Thursday, May 31, 2018

Why Having the Cloud or Other Off-Site Storage is a Must

Photo by Gayle Martin
It's happened to me twice now. That oh so sickening feeling of going to open a file, only to discover that either part of it is gone, or it's missing altogether. Computers are mysterious creatures. I jokingly tell people they're black magic and voodoo, and sometimes I wonder if there could actually be some truth to this. Both times this happened was after I had saved the files and shut down my computer properly, which proves that files can still be lost or hopelessly corrupted, even when you've done nothing wrong. This is why I have off site storage, and why I so highly recommend having it to others, whether or not you're a writer.

Off site storage, sometimes called, the cloud, is just that. Your files are backed up to a third party server, and, heaven forbid, your computer gets lost or stolen, or an important file gets lost or damaged, you can easily download a backup. Some people may worry about privacy, and that's a legitimate concern. However, any reliable off site storage company will encrypt your files. 

I use Carbonite, but there are other back up services out there. Carbonite costs a little over $50 per year, and it's money well spent. It automatically backs up my files, and whenever I've had to use it I found it very easy to locate and download the needed files. The first time I used it was to recover a Word file, and I got all but the last two paragraphs back. More recently, I had to recover an Adobe InDesign file that mysteriously vanished from my hard drive. Carbonite downloaded it completely intact. 

Some people tell me they don't need off site storage as they manually back up their files to a flash drive. That's fine as long as you remember to do it on a daily basis. However, Murphy's Laws being what they are, rest assured the day a file corrupts or disappears completely will be the same day you didn't do a back up.

Stuff happens, and it can happen to you. Carbonite has saved my rear-end not once, but twice, so I'm now a customer for life.


Tuesday, May 29, 2018

Fan Fiction and Copyrighted Characters

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I once had an interesting chat with a fellow author at a writer's convention who mentioned something about another writer who apparently got into a some serious trouble with Paramount over some "fan fiction" he'd written about Captain Kirk and Mr. Spock. The writer in question had allegedly written a very adult oriented Star Trek story, and Paramount had taken issue with the way their copyrighted characters had been used.

Back when I was a teenager, Star Trek fan fiction was very popular, and I seem to recall that one of the reasons why Star Trek conventions started up in the first place was so the fans, or "Trekkies," as they called themselves at the time, could share their fan stories. However, it was a different time. Fan fiction authors wrote with pen and paper and kept their stories in notebooks. Traditional book or magazine publishing would have been the only means to distribute their work, which meant permission would have had to have been obtained from the copyright holder before any fan fiction could be published. There was no Internet, no blogs, no self-publishing, and no eBooks.

Times have indeed changed, so it's very tempting for the fan writer of today to write his or her own Star Trek story in a blog or post it on a fan forum. And while their motive may be one of sincerely paying homage to their favorite television show, their devotion could, potentially, get them into some very serious legal hot water. While I'm not an attorney and not purporting to be giving legal advice, it's pretty much common knowledge that the legal rights to any artistic creation, including works of fiction, belong to the person who created it, or to a third party who may have purchased the rights from the original creator, and that would include rights to the characters as well as to the story.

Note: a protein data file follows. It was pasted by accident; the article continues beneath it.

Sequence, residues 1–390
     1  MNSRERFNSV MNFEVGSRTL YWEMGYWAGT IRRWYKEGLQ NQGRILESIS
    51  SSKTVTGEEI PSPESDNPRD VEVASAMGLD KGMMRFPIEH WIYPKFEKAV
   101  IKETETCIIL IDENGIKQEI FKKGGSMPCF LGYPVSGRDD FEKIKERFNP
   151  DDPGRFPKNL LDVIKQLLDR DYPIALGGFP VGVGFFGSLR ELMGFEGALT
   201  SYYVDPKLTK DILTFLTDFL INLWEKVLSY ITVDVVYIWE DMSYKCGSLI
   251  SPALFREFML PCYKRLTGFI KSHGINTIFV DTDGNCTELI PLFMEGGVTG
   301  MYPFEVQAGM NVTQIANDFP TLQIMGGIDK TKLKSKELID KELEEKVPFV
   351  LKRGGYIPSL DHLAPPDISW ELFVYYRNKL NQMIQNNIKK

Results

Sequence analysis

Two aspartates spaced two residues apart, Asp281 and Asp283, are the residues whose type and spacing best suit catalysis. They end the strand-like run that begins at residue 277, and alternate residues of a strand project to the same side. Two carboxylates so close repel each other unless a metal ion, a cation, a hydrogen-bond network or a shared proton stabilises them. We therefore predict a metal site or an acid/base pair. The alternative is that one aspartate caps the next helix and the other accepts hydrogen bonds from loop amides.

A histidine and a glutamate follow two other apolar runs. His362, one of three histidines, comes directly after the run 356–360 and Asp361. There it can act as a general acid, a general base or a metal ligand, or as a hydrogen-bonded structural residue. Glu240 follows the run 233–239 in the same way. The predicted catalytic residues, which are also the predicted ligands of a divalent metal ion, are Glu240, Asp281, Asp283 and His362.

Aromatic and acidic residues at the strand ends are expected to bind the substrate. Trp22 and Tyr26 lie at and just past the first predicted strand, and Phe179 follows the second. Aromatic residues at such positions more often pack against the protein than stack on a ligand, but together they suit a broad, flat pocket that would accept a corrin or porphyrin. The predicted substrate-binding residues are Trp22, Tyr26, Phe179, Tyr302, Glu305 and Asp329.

Those of us who write fiction may model our characters after people we know, or perhaps base them on other fictional characters. Either way we do it, our characters should have plenty of other characteristics to make them unique. So while Captain Kirk could be your inspiration, your character will need a different name and should come from a different background, have a different physical description, or even be the opposite gender. However, if you really have your heart set on writing a Star Trek story, or of using other copyrighted characters, it might not be a bad idea to do some research to find out what, if any, guidelines that copyright holders, such as Paramount, may have for writing fan fiction. Even if you're not writing your story for monetary gain, it could still be considered copyright infringement.


Monday, May 28, 2018

Soap Opera Plots--Time Tested Reliable Storylines

© Can Stock Photo / ginosphoto
Once upon a time, my friends and I were all soap opera junkies. We loved our soaps, and I taped my favorite soap everyday for years. How times have changed. Now I don’t bother watching soaps anymore, and neither do any of my friends. We all stopped watching them years ago. I don’t think it’s our age. Both of my grandmothers were still watching their favorite soap operas when they were well into their eighties. I think it has to do with the fact that soap operas today are so poorly written. Soap operas used to be about love and romance. Then the producers decided they wanted younger, “more hip,” audiences, so the writers began writing outrageous story lines about demonic possession, characters being buried alive, couples going back to the garden of Eden, and UFOs. Good plot lines for The X Files, but definitely not what we wanted to see on Days of Our Lives.

Those of us who are romantic fiction writers or storytellers know that basic plot structure revolves around conflict, and how the characters react to and resolve the conflict. For many, many years, soap operas relied on these classic plot lines which consistently worked and kept viewers watching. They were:

The Romantic Triangle. Boy meets girl. They fall in madly love. But another girl is also in love with the same boy, so she plots and schemes, relentlessly, to break them up, becoming, “The Girl We Love to Hate.” Such was the Steve, Alice and Rachel triangle on Another World that kept viewers watching for years. It’s even written up in Wikipedia.

Extra-Marital Affairs and Illegitimate Children. The side effect of the romantic triangle. Days of our Lives kept their audience riveted for years, wondering when Mickey would find out that Mike was actually his brother Bill’s son.